Rob Roy, Indiana facts for kids
Quick facts for kids
Rob Roy, Indiana
Rob Roy's covered bridge, now out of service
Fountain County's location in Indiana
|Named for||Rob Roy|
|Elevation||659 ft (201 m)|
|GNIS feature ID||449720|
The town of Rob Roy was named after the Scottish patriot Robert Roy MacGregor by local John I. Foster, a lover of literature who was especially fond of Walter Scott's novels. Foster, described as an inventor and a worker of iron, lived in Rob Roy for six or seven years and founded a Methodist church there.
The town was platted circa 1826 and contained 48 lots, with a further addition on the east side by Hiram Jones in 1829. A writer in 1833 described Rob Roy as a small interior village with few inhabitants but increasing in improvement and population; by 1836 it had "five dry goods stores and four groceries, a hotel, three physicians, and was in the center of a very active settlement." The passage of the Chicago and Block Coal Railway through the town also stimulated growth, but competition with nearby Attica (which was on the Wabash and Erie Canal) eventually led to Rob Roy's demise.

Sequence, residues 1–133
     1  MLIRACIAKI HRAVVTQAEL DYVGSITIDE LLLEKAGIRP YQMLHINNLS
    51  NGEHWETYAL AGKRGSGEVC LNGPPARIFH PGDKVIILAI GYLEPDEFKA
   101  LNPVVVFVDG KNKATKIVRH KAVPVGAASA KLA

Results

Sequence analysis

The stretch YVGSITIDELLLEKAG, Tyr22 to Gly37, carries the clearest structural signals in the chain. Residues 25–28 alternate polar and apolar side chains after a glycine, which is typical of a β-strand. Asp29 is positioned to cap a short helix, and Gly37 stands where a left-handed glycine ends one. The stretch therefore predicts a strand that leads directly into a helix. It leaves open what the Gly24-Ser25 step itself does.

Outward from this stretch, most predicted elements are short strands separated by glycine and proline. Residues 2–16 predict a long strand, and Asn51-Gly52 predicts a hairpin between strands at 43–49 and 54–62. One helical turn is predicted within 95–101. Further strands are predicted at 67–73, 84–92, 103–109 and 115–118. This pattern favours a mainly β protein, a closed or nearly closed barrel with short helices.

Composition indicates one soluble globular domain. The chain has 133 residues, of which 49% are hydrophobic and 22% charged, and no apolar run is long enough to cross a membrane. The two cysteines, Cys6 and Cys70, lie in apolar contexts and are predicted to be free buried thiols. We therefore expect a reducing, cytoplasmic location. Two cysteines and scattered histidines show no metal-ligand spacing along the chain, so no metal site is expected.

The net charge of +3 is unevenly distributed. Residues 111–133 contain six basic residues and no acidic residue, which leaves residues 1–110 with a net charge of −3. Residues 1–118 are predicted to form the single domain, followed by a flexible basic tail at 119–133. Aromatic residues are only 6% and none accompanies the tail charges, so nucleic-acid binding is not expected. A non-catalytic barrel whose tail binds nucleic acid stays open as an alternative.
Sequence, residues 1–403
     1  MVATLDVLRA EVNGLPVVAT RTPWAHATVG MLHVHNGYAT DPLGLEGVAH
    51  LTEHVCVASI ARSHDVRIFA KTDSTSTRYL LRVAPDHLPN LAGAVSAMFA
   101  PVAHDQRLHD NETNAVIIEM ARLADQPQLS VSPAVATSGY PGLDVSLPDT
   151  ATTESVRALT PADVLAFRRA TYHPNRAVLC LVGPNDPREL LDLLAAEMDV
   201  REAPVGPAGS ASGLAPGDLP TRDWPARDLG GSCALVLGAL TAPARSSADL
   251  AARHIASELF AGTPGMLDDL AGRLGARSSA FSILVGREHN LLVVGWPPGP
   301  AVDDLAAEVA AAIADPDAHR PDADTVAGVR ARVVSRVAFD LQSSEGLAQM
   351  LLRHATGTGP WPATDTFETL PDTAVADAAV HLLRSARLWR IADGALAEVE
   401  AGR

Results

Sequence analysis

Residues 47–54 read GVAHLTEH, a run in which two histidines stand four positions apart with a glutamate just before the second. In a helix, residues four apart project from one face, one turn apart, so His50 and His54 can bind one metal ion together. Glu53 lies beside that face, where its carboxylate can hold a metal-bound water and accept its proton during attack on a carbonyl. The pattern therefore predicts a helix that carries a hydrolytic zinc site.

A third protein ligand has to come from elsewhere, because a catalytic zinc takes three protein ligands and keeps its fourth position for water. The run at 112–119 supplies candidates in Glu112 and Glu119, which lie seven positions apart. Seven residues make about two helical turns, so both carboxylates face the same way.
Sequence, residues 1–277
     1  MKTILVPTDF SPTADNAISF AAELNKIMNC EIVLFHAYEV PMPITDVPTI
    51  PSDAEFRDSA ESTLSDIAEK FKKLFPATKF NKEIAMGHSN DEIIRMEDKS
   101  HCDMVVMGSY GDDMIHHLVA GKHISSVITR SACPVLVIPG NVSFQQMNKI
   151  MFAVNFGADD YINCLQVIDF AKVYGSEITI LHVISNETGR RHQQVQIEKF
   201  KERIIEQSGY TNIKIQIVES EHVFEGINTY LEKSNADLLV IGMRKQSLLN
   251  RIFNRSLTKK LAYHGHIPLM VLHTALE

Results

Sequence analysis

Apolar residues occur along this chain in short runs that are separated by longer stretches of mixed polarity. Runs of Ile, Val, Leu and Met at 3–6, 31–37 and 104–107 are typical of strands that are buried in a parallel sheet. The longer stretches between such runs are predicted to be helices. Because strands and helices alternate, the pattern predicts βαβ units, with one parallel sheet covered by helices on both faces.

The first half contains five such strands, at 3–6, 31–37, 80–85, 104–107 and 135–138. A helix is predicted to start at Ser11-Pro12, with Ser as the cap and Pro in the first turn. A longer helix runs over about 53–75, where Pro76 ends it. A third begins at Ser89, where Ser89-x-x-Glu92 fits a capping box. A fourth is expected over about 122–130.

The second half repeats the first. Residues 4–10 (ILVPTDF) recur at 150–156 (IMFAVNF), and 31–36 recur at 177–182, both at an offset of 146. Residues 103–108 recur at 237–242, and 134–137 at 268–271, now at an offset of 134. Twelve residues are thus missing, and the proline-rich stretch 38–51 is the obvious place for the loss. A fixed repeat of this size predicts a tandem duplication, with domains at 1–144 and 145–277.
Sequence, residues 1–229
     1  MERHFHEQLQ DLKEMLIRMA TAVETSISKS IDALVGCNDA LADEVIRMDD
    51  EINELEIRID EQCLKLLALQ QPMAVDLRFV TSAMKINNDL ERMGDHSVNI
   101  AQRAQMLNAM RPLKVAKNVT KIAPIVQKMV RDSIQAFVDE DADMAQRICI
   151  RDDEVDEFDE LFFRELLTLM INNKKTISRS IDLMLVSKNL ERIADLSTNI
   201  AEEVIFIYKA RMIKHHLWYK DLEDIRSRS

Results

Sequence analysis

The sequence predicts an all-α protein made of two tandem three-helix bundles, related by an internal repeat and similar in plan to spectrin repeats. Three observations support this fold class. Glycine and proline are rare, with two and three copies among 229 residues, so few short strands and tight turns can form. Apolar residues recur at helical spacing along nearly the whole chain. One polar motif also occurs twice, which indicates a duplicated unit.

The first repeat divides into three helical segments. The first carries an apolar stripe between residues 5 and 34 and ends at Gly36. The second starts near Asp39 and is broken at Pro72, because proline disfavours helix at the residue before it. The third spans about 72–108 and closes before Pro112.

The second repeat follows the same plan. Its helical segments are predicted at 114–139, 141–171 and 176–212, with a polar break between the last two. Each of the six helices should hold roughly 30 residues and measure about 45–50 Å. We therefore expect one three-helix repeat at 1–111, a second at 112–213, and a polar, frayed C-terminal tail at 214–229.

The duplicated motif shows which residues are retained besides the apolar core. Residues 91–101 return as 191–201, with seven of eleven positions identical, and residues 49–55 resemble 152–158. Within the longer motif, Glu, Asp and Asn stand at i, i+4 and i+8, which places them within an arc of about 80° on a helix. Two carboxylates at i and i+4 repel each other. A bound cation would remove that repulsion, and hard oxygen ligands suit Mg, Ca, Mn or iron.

The post office in Rob Roy was established in 1832, and discontinued in 1906.
Rob Roy was heavily damaged by a tornado in April 1953. Today the town consists of a small gathering of homes.
Rob Roy is located at Attica along U.S. Route 41. Big Shawnee Creek, spanned by a covered bridge, snakes along the north side of town and Little Shawnee Creek flows along the south. The confluence of the two is half a mile to the west., approximately 3 miles (4.8 km) south of
Rob Roy, Indiana Facts for Kids. Kiddle Encyclopedia.